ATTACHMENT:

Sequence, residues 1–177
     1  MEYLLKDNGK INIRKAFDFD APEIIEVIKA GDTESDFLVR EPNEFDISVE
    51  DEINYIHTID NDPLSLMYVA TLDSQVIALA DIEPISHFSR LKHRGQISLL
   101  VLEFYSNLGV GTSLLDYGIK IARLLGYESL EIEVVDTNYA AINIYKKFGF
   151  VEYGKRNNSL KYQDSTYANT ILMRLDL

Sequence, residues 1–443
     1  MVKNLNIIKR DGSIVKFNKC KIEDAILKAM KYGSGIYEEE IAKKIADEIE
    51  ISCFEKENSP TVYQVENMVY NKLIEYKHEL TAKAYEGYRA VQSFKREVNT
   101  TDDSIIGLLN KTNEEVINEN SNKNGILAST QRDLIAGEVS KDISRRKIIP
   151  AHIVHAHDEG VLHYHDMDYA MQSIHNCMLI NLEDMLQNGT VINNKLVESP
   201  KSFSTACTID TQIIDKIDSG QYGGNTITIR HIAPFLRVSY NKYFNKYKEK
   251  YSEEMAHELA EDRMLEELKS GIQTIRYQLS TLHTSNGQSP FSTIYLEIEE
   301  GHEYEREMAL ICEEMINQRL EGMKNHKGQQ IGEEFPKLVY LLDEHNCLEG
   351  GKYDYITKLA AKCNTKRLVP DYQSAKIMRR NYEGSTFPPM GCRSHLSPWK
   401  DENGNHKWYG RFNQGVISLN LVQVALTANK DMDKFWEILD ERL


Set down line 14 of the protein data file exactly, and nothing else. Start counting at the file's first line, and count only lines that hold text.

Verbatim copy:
   351  GKYDYITKLA AKCNTKRLVP DYQSAKIMRR NYEGSTFPPM GCRSHLSPWK